The Washington Department of Corrections did an about face last week on where to hold the infamous Green River killer. Agency leaders agreed — after talking to Gov. Jay Inslee — to bring Gary Ridgway, our state’s most notorious serial killer, back from a federal prison in Colorado.
Bringing Ridgway back to Washington makes sense, although security reasons that led to relocating him did too. The prisoner was flown out of state in May in a move that caught survivors of Ridgway’s crime victims, Green River crime investigators and Gov. Inslee by surprise.
Inslee talked to state Corrections Secretary Bernie Warner last week and after learning the circumstances said he favored bringing the killer back where investigators could more easily question him, if needed.
“The governor asked for options and did ask a lot of questions about the issue,” Inslee spokesman David Postman said. “The governor decided that in this case at this time it would be the right thing to do. That is what we’re doing.”
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In a plea agreement that spared Ridgway from the death penalty in 2001, he pleaded guilty to 49 murders and provided details of other crimes. He said there were as many as 70 victims of a terrifying spree that left a trail of bodies — many of them runaway girls or alleged prostitutes — in the Green River area during 1982-1998.
Warner told us last week that there were indications other prisoners might try to kill Ridgway when he was housed alone in a cell at the Washington State Penitentiary in Walla Walla. This posed risks for staff who let Ridgway out of his cell in shackles for up to two hours a day.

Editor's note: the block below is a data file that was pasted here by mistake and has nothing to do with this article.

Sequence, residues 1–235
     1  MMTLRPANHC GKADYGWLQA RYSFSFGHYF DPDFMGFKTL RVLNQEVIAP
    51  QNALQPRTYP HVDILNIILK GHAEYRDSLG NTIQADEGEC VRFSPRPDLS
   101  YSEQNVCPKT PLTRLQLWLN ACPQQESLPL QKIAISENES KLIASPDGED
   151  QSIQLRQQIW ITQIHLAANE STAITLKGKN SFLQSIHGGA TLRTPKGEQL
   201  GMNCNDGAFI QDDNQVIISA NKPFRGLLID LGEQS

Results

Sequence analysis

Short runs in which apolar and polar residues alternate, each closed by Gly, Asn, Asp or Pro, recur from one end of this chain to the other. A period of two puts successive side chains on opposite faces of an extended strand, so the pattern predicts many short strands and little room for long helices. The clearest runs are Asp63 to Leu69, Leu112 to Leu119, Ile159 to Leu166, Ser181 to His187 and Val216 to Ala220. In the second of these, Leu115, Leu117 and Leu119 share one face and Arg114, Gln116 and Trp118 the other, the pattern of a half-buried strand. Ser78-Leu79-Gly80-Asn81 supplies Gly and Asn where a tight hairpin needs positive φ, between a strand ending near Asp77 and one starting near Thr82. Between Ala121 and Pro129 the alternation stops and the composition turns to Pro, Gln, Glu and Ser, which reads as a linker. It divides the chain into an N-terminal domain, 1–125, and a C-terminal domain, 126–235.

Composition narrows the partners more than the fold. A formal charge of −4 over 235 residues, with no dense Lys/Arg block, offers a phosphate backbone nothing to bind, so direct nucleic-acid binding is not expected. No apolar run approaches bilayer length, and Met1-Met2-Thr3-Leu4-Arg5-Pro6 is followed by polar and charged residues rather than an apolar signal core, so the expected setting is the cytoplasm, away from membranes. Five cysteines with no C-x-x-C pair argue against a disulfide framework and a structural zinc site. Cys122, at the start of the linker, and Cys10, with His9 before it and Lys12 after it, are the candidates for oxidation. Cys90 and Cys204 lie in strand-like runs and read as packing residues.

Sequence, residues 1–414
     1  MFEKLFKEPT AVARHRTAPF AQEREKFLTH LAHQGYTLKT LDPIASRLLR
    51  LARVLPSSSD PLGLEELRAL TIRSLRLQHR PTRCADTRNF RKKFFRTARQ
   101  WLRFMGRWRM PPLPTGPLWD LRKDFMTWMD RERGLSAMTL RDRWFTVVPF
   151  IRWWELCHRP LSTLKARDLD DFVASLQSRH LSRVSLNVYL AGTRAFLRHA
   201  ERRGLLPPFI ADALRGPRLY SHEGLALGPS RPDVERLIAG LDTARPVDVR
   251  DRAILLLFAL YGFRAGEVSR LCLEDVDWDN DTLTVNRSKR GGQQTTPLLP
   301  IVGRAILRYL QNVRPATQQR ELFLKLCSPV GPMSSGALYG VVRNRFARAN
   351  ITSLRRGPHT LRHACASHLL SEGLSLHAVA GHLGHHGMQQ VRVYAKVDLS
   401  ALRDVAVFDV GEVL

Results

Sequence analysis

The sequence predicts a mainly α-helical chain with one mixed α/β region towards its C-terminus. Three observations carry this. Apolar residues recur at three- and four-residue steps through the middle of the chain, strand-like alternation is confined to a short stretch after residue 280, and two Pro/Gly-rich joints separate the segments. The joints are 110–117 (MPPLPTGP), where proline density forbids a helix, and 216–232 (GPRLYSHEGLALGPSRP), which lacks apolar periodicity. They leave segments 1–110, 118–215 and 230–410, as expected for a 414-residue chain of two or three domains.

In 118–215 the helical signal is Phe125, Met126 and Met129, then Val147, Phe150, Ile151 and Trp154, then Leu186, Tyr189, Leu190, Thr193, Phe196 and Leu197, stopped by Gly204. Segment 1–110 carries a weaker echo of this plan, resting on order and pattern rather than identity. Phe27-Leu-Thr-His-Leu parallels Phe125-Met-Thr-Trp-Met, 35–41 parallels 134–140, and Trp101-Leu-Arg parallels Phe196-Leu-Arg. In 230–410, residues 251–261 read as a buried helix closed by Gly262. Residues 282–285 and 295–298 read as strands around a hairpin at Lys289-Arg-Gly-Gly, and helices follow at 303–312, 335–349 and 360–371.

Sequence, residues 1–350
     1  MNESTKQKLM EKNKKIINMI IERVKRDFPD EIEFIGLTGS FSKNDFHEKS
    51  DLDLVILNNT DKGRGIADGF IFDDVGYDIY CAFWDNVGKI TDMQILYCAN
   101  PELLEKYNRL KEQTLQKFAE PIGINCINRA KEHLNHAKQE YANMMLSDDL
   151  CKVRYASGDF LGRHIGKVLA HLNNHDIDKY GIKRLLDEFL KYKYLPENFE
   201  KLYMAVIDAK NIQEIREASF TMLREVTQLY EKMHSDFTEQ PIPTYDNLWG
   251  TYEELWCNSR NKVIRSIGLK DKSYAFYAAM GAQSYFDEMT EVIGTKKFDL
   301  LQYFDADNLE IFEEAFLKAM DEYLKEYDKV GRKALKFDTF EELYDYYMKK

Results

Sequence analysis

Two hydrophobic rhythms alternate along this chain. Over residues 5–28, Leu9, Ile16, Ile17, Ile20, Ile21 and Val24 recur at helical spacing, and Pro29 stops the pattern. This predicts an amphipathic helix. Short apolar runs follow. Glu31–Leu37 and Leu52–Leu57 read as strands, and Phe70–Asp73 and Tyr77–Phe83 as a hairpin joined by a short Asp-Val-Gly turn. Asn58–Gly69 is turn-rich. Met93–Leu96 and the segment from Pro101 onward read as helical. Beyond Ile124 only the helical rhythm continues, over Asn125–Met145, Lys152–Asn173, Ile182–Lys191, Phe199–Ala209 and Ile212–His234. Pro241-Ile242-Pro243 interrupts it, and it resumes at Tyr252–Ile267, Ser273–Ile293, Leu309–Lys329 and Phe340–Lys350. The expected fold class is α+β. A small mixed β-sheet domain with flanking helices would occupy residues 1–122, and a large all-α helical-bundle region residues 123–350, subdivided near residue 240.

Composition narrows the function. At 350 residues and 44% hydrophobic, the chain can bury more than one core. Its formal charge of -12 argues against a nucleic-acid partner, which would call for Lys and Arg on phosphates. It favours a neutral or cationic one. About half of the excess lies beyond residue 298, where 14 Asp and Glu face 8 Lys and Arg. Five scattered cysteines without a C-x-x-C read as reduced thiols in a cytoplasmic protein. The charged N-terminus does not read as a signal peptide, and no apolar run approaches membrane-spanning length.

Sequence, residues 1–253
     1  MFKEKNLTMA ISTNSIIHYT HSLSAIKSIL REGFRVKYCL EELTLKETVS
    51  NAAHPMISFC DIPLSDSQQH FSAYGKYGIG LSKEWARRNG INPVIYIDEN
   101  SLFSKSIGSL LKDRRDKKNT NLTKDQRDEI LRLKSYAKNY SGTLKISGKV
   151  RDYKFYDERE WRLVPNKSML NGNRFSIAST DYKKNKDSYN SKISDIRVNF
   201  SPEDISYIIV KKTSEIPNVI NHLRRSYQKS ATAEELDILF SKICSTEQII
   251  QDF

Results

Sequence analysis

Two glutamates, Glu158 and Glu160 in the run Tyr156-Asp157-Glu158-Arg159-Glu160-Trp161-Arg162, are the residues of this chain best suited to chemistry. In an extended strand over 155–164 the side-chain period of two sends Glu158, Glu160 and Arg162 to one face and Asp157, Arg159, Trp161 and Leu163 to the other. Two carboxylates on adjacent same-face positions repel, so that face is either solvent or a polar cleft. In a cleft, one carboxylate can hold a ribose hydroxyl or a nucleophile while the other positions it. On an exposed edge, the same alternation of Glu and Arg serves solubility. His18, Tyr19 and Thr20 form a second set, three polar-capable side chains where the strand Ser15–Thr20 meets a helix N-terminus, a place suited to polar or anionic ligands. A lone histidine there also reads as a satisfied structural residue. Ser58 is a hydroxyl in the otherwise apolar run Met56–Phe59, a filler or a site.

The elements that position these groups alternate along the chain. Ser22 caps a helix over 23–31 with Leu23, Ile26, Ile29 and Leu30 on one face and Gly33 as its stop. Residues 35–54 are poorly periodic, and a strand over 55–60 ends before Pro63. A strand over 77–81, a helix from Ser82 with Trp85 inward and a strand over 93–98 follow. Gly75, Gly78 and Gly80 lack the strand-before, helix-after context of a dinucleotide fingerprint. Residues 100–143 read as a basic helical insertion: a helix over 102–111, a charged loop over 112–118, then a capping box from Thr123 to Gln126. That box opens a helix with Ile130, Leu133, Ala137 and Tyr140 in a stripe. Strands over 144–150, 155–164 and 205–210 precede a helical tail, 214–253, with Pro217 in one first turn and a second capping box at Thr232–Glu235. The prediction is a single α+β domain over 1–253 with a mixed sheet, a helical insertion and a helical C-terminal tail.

“It’s no secret that many in the prison … would want to attack him if they had access to him. We’ve even had reports of people wanting to get into the intensive management (solitary) unit in order to attack him,” Warner explained. “That does provide a security risk for our institution, so we decided to transfer him out of state” where fewer people would know about him.
Inslee’s office heard concerns from law enforcement and that relatives of a slain woman were upset.
Warner described Ridgway’s initial transfer as a common, though not routine, practice. Washington currently houses 67 offenders from other states that have accepted 54 from here.
In May, DOC hired a private plane to send Ridgway and another offender to a federal maximum-security prison in Florence, Colorado. DOC had hoped he could be placed in the ADX or “supermax” facility where the World Trade Center bombing’s mastermind and one of the Okahoma City bombers are held.
DOC’s moves were done quietly. A Seattle Times news report brought the transfer to light.
It’s not yet clear how much it will cost to bring back Ridgway, how soon he’ll arrive or where he’ll be housed.
Making details public about Ridgway’s incarceration could make it harder to keep him safe, which Warner says his agency has a constitutional duty to do. But the DOC should loop in more parties in its communications about such high profile offenders.
Prosecutors, the governor and criminal investigators shouldn’t be kept in the dark.
“Given the extraordinary circumstances of the case, Secretary Warner will notify victims’ families and consult with law enforcement before making any future changes in Ridgway’s incarceration,” DOC said in a news release.
In other words, lesson learned.